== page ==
Posted by samedwards on (January 20, 2014, 6:34 GMT)

@MattLau and Little_Aussie_Battler ,Yes, I've read the draft proposal. I'm surprised you missed the important part of the document- that India, Aus and England never get relegated. That means if these 3 come are in the bottom, then the teams above them are relegated. Also, the FTP gets scrapped, leaving only bilateral series between the powerhouses of Ind, Eng and Aus to be regularly conducted. What use is Division 1 status if you don't get to play regularly with top teams? Also, the funding scenario is foolish optimism. The increase in Assoc & Affil funding is predicated on a huge leap in revenue surplus which is predicted for no real reason. Assoc & Affils aren't getting a bigger cut, it's staying at 25% of surplus. The only real changes there are that the top six associates will get more at the expense of the bottom 90, leading to 4 layers of teams 1. The top 8 teams 2. BD & Zim who are in Div 2 3. Top 6 Associate who get 12.5% of the total Surplus 4. Associates living on scraps

Posted by Soulcircus on (January 20, 2014, 6:25 GMT)

To all those in favour - how is England, Australia and India being exempt from relegation anything other than unfair?

Posted by   on (January 20, 2014, 6:08 GMT)

For a change folks, read Martin Crowe's article. "My foot."

Posted by Matt.au on (January 20, 2014, 5:58 GMT)

@Little_Aussie_Battler

Perfectly summed up. It's just amazing the hysteria that's been seen by people that just don't seem to get what exactly is going on.

Jarrod Kimber is a perfect example.

Posted by Little_Aussie_Battler on (January 20, 2014, 5:15 GMT)

Just read the draft proposal has anybody else?

What I am reading from the outraged correspondants on this site does not correlate with what England, Australia and India are proposing for test match cricket.

Everyone, stop the insane outrage and please read the draft proposal.

In essence it means, MORE funding for long form cricket for everyone. Every country that is a member of cricket can someday become a division one test match nation. That means Canada, Ireland even Argentina.

The "Test Match Status" "Associate", "Affiliate" titles are out the door.

There is a top 8, which is essentially all the test match playing nations except Zim and Bangladesh. But there will be a play off of 4 tests every four years of the top Intercontinental Cup nation versus the last division 1 test nation(West Indies) to see who stays.

It is common sense proposal to get test cricket played by nations who actually are serious.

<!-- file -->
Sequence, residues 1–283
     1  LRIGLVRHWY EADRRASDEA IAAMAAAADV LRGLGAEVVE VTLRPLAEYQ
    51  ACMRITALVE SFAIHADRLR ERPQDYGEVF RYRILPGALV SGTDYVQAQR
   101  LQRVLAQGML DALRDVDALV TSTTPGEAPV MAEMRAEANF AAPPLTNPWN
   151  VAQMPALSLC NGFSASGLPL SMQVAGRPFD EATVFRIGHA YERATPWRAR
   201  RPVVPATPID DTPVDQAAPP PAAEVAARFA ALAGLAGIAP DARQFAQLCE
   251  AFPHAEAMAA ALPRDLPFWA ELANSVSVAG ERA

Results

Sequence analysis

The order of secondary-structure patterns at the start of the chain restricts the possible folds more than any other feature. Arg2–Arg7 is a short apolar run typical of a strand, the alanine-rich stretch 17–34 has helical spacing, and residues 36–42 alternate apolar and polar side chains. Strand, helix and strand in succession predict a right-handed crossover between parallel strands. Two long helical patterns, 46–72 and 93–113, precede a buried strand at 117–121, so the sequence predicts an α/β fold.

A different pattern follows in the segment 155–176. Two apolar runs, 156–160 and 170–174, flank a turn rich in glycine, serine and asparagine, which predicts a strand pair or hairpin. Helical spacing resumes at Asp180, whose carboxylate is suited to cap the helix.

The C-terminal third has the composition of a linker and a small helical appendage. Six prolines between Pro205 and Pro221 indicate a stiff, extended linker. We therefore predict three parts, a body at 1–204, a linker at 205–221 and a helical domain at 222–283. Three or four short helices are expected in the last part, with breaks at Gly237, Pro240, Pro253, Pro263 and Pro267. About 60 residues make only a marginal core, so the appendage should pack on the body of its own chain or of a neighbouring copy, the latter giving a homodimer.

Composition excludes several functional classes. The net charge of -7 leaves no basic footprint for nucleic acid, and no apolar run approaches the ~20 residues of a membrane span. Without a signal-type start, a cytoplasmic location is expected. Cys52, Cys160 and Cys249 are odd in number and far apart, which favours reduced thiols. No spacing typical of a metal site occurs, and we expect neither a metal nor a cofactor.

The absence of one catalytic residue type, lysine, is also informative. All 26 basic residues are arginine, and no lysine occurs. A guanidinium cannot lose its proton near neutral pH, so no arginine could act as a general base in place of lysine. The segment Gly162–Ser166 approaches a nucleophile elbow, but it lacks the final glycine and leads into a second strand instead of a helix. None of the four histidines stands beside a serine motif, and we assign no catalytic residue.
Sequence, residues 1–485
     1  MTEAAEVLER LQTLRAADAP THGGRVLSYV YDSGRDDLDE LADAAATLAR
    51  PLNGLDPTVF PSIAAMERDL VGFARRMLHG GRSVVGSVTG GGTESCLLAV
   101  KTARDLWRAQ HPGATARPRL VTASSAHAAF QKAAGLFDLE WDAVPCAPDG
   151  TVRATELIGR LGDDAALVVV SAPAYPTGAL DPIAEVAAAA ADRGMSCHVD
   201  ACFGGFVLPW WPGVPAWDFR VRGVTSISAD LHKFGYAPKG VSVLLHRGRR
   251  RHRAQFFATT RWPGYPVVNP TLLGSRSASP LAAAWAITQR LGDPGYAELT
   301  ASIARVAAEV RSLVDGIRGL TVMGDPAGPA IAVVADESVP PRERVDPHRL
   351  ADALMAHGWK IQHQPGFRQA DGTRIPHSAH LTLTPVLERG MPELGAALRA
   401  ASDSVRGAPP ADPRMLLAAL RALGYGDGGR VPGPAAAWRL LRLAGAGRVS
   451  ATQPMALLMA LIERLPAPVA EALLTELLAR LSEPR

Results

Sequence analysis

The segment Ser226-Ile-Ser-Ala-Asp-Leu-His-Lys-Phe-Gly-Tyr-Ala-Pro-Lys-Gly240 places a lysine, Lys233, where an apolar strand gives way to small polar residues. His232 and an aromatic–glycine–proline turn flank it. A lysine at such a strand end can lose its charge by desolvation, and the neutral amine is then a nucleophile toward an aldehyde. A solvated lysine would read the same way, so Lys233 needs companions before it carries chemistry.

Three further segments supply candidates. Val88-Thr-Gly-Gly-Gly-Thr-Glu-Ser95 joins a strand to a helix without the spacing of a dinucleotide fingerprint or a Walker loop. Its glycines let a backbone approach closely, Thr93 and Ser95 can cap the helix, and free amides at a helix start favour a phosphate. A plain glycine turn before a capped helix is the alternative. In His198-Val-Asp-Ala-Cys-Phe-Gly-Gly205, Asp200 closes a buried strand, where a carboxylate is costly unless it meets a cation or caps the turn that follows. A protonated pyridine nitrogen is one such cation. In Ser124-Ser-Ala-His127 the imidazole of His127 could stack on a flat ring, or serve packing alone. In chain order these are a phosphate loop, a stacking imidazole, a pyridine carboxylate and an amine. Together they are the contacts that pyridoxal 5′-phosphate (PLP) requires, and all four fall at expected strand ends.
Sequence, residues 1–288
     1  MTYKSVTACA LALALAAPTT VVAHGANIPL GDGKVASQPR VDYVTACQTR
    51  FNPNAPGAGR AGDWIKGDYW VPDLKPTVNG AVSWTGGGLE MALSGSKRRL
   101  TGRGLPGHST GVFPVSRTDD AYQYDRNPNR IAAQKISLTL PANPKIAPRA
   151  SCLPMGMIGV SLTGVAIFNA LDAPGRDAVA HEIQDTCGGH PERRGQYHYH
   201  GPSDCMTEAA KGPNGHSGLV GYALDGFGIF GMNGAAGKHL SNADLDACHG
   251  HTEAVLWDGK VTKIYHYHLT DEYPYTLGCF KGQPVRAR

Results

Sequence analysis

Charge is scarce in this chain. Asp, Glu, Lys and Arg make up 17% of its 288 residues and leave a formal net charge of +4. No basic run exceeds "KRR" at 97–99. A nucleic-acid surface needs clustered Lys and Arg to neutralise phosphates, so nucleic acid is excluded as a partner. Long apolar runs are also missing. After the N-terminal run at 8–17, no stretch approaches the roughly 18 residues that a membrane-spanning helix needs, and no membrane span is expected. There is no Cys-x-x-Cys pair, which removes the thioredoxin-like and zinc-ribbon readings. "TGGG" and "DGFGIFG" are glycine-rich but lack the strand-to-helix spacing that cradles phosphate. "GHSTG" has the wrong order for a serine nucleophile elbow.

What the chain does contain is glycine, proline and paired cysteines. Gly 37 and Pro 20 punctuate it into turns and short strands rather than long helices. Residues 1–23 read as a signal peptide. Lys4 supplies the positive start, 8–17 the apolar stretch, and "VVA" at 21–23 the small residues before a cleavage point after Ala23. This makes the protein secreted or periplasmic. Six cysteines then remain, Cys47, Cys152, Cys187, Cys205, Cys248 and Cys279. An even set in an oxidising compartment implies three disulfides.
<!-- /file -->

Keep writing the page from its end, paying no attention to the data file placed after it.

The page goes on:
Posted by   on (January 20, 2014, 5:07 GMT)

If test cricket dies then the sport might as well not exist

Posted by   on (January 20, 2014, 4:39 GMT)

Well if BCCI is contributing 80% to the total revenue pool of ICC, then they have full right to claim a large share in Net Profits...that is simple commerce and it is the practice which is followed everywhere. Why BCCI should share their revenue with other boards....other boards should become self dependent rather than cribbing about this and that...

Posted by   on (January 20, 2014, 4:30 GMT)

Who are these Sundar Raman and Perera? Are they from the ICC? Who has given them the power to make such proposals?

It seems ICC has got so much corrupted that these administration needs to stand down immediatly. They are such pathetic. As a journalist said- this is more than match fixing giving exemptions to the so called big 3 from relegation.

And what about Bangladesh adn Zimbabwe? Why AFG or any other team will come into test cricket at the expense of them? Why not rise another test nation? World cricket have seen how much passion and popularity Bangladesh have brought, they have seen it in WC 2011, ASia Cup 2012. They will also see it in 2014 during Asia Cup and WT20.

Shame on you ICC.

Posted by sanghvir on (January 20, 2014, 3:54 GMT)

In the last 15 odd years has there ever been a committee that thinks about CRICKET any more. It seems all the cricket boards want to think about is money. People should ponder that in the good old day if the West Indies, England and Australia had put up things like this where would cricket be right now. In a few years from now cricket will die if such things continue. It will be become a game on Computers and mobile devices only.

Posted by   on (January 20, 2014, 3:53 GMT)

@InsideHedge . I think we better keep things to cricket here. and this big three drama is not going to do any good for cricket, period.

Posted by   on (January 20, 2014, 3:48 GMT)

Why don't the other Boards get together and form another association;leaving the Big 3 to keep playing with each other?

Posted by vigneshmurali on (January 20, 2014, 3:33 GMT)

its total nonsense comin to think of it CA,BCCI,ECB have enough money.guess the revenues should go to the other boards in a straight world.BCCI cant even think of finishing all the money they have even if their life depended on it!!!

Posted by johnstanley on (January 20, 2014, 2:32 GMT)